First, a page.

NICU Adoption Heart Walk Makes Holiday Special Raffle CHILDREN AT BEST FRIENDS DAY CARE IN NORTH AUGUSTA SITS IN FRONT OF THEIR DONATION WITH CARA AND CORY BRYAN.
Several members of the Children’s Hospital of Georgia community raised thousands of dollars recently for the American Heart Association. The hospital fielded a team, the Pediatric Heart Throbs, for the March 9 CSRA Heart Walk benefiting the association. The 56-member team raised $4,700 by collecting pledges for every mile walked on the Greeneway in North Augusta, S.C. The staff also raised money through a raffle, collecting $900 for a chance at prizes donated from area businesses. The prizes included a gift basket, a night’s stay at the Chateau Elan, a Pandora bracelet, rounds of golf and restaurant gift certificates.
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A holiday adoption program for families in the Neonatal Intensive Care Unit was designed to raise funds and collect gifts, but the community response has far exceeded expectations. “It went really well; we were able to adopt every family in need,” said Children’s Hospital of Georgia Social Worker Cara Bryan, who organized the event. “We were able to give every family a gift and helped so many people. The response was so great that we even had some left over that we are going to use to help needy families in the future.” Bryan and her husband, Cory, initially solicited help from the the Medical College of Georgia Class of 2013. “We had donations from every class at the Medical College of Georgia, several from different parts of the hospital and university, and some from the community,” Bryan said. In fact, one afterschool class at Best Friends Day Care in North Augusta contacted the Children’s Hospital of Georgia because they wanted to do something special for the patients for the holidays. This program fit their needs perfectly. In the end, Bryan said they collected over $2,000 in cash, over $3,000 in gift cards, and a lot of toys, strollers, mobiles and baby clothes. One person even donated nights at a hotel room for families with sick children. They also hosted a holiday lunch in Georgia Regents Medical Center’s Terrace Dining, complete with turkey, ham and all the holiday favorites. Almost every family in the NICU participated in
STEPHANIE BURCH (FROM LEFT), BRICEIDA RIVERA (PATIENT), NATASHA EMBRY AND SERENA WILLIAMS.
Heart Walk Raffle
“The outpouring of team efforts in support of the American Heart Association has been amazing. What a joy to see staff throughout the CHOG join forces to improve the cardiovascular health of children and adults,” said Ann Hayes, Nurse Manager, Pediatric Perioperative Services.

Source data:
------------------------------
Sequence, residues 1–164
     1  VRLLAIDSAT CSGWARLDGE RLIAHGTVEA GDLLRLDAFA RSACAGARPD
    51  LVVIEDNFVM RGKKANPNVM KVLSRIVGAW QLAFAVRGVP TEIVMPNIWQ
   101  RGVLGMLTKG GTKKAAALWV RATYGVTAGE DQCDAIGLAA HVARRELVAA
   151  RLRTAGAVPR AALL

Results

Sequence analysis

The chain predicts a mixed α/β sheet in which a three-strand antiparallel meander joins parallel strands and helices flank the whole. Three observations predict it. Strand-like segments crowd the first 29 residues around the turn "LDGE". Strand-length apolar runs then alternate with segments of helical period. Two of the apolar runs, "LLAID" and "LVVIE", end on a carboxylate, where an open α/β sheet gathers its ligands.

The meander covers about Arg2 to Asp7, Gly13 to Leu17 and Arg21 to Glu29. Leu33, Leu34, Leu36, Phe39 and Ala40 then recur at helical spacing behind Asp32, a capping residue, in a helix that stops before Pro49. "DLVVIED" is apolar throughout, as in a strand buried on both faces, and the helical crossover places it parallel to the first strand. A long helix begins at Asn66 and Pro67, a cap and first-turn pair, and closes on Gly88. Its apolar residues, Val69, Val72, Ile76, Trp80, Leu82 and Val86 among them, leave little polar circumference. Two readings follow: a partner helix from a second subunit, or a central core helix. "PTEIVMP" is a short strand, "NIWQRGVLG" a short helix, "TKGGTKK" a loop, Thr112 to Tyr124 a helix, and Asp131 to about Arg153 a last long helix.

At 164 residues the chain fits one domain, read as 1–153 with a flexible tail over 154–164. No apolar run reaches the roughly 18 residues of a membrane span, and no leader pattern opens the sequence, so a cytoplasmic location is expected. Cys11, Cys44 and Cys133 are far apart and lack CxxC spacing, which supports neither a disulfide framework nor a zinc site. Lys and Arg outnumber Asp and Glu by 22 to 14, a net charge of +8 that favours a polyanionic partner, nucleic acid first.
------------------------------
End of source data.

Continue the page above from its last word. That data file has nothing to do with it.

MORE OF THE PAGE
Pediatric Perioperative Services
For more information, http://bit.ly/YnWCKZ . GEORGIA Kids First
GRMC Neurosurgeon Publishes Children’s Book
Dr. Cargill H. Alleyne Jr. was taking his family to Disney World four years ago when he had an idea for a children’s book. “It was a long drive, and my kids started asking questions about the brain,” Alleyne said. “So the Neurosurgery Chief at Georgia Regents Medical Center began to share his scientific knowledge about the brain with his son and daughter.” “I started droning on and on about the brain, and I think they started to fall asleep. So, I began making up limericks about the brain instead – how it looks and how it functions. I had to stop and scribble things down a few times so I wouldn’t forget. But by the end of the trip, I basically had the book written.” “Ned’s Head” was published in July 2012 through Create Space self-publishing. It is a light-hearted, rhyming book that examines what’s inside a little boy’s head. The boy’s name is Ned, and while getting ready for bed one night, he wonders what’s inside his head. Readers are taken on a ride through the inside of Ned’s brain, getting acquainted with all of the nerves and parts of the brain that help answer questions many kids have, such as “How do I smile or frown? How do my eyes move around? How do I taste?” and “How do I stick out my tongue?” In addition to the facts presented in “Ned’s Head,” a glossary at the end of the book provides definitions and pronunciations of the medical terms. The illustrators included small hidden heads in each illustration for readers to find. Those illustrators are Michael A. Jensen and Karen G. Bradley. Jensen is an Assistant Professor in the Department of Medical Illustration in the Georgia Regents University’s College of Allied Health Sciences. Besides medical drawings and artwork, Jensen has illustrated 12 “Curious George” children’s books. Bradley, who received her degree in medical illustration from GRU,